‘Phantom of the Opera’ to Close After 34 Years on Broadway: Sources
(CTN News) _ It’s over now, the night’s music. A number of sources told The Post that Broadway’s longest-running show, “Phantom of the Opera,” will close at the end of the year.
At the end of December, Andrew Lloyd Webber’s musical will conclude its storied run. As the show’s iconic “Masquerade” number is set around New Year’s Eve, I suspect it will be the show’s final performance.
The “Phantom,” sources said, is losing about $1 million a month since it reopened in October 2021 following the pandemic closure.
When reached by The Post, a “Phantom” rep denied that the musical is closing.
Over nearly 35 years, the Cameron Mackintosh and Lloyd Webber-produced show has played 13,733 performances.
Having run for 25 years and played 10,090 performances, Broadway’s second-longest-running show is a revival of John Kander and Fred Ebb’s “Chicago.”
In the minds of generations of theatergoers, Lloyd Webber’s lush songs (with lyrics by Charles Hart and Richard Stilgoe),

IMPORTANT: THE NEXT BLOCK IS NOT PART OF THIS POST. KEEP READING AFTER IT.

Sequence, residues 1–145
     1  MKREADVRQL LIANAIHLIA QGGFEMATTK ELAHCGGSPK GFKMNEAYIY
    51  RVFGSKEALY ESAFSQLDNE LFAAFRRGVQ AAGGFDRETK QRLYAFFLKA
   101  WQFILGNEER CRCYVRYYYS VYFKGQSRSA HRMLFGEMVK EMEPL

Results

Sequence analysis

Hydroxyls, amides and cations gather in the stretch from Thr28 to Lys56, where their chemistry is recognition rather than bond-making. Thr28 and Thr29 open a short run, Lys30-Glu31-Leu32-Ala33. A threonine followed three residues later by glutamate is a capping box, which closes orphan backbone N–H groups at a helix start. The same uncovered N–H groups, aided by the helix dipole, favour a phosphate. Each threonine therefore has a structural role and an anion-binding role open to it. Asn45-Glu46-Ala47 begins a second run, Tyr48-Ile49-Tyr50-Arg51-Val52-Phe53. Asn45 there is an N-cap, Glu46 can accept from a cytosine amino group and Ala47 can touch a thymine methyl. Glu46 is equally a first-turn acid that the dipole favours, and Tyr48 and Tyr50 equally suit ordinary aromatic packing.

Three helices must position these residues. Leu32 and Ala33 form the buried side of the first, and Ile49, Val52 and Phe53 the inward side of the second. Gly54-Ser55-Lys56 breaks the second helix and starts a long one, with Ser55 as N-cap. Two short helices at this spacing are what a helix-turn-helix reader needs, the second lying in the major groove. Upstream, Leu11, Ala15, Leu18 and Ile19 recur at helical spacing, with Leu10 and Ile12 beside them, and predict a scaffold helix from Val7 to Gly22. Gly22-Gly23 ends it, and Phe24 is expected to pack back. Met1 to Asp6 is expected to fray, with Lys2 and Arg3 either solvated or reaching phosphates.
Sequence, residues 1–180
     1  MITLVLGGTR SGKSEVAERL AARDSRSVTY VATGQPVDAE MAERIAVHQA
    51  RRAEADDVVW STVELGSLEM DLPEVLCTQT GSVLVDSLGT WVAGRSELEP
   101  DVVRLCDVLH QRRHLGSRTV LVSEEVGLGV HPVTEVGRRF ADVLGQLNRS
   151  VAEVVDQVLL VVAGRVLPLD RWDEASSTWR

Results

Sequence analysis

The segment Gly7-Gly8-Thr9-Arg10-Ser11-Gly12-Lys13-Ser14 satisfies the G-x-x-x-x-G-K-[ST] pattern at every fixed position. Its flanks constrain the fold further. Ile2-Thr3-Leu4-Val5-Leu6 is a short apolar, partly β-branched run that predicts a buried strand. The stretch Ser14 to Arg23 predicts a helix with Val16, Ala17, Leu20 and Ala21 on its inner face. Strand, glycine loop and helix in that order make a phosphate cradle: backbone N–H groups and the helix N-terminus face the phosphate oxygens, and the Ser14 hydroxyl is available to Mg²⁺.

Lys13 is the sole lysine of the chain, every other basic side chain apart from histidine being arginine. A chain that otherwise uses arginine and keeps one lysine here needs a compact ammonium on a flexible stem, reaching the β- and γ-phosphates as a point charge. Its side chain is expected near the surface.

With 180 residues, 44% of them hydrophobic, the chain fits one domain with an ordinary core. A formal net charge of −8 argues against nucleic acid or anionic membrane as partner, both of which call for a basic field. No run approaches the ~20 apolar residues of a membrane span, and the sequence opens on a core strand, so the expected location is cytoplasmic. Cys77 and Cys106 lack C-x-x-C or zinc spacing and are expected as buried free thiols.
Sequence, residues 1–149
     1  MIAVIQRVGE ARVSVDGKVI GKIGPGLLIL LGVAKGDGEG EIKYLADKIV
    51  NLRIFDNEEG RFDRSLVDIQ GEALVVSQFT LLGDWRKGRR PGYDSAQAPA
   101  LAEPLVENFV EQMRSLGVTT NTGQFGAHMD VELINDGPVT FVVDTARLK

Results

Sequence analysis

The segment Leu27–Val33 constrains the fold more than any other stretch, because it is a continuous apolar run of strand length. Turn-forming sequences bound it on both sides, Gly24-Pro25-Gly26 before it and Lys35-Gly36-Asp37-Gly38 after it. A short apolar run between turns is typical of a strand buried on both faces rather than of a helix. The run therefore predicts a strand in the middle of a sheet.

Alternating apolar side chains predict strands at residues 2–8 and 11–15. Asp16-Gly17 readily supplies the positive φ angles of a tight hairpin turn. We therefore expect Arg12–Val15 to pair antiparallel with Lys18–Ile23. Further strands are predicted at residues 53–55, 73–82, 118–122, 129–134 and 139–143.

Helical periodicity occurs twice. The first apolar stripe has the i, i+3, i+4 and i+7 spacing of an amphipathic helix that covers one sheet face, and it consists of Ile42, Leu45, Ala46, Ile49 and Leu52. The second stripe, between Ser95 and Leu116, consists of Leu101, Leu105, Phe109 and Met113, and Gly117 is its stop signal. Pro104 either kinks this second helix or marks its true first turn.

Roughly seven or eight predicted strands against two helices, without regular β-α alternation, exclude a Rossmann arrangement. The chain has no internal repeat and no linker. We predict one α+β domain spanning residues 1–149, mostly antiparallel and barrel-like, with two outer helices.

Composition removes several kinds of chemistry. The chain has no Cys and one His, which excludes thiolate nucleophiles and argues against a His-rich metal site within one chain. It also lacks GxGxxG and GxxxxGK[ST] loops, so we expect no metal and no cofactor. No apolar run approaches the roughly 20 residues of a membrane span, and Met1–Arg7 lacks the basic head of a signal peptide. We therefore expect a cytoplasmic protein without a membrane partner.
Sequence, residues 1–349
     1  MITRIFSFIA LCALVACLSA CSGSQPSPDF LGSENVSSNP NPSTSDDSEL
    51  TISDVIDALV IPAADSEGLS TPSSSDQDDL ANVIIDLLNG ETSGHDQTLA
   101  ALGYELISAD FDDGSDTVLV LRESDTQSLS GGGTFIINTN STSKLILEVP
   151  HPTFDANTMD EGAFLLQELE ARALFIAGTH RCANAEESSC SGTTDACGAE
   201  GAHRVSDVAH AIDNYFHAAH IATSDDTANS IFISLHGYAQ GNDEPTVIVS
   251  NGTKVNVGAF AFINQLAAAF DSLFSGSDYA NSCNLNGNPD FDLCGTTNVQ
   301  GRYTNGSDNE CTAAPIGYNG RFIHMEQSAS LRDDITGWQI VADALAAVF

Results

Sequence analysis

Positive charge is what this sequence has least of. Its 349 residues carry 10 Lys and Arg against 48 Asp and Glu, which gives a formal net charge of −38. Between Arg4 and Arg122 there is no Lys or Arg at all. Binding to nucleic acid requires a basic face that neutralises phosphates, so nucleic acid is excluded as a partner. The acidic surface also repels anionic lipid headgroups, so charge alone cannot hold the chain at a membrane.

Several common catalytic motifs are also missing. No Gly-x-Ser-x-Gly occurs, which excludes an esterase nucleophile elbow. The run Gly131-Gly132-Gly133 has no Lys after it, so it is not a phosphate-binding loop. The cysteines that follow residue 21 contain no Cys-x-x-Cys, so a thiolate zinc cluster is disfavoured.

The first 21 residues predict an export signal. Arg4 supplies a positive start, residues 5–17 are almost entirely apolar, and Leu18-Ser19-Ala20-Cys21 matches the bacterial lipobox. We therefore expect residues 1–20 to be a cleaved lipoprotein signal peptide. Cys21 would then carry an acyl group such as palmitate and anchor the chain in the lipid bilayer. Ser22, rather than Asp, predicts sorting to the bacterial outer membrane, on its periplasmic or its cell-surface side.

Harold Prince’s innovative staging, Gillian Lynne’s balletic choreography, and Maria Björnson’s lavish set and costume designs are seared into their minds.
The original London cast of Phantom opened on Broadway with Michael Crawford as the masked romantic and Sarah Brightman as his beloved Christine.
Crawford won seven Tony Awards, including Best Actor and Best Musical.
The Phantom is currently played by Ben Crawford, and Christine Daaé is played by Emilie Kouatchou.
Gerard Butler and Emmy Rossum starred in the 2004 film version of the play, which was a flop.
In 2010, Lloyd Webber put on “Love Never Dies,” an unsuccessful sequel that toured but didn’t make it to Broadway.
Phantom continues to play in London at Her Majesty’s Theatre – soon to be renamed His Majesty’s Theatre following the death of Queen Elizabeth II – and has recently had some of its original staging revised.
It could be a clue to the musical’s future. This “Phantom” will close for good in December, but it wouldn’t be surprising to see it return in a much cheaper form in a few years.
In London’s “Les Misérables,” Mackintosh pulled the same trick. New director, slimmer set, more projections.
Shubert Organization will be pleased for now. After nearly four decades, Broadway’s best musical house has finally opened.
If the right show was there, it could gross $3 million a week instead of $1 million.
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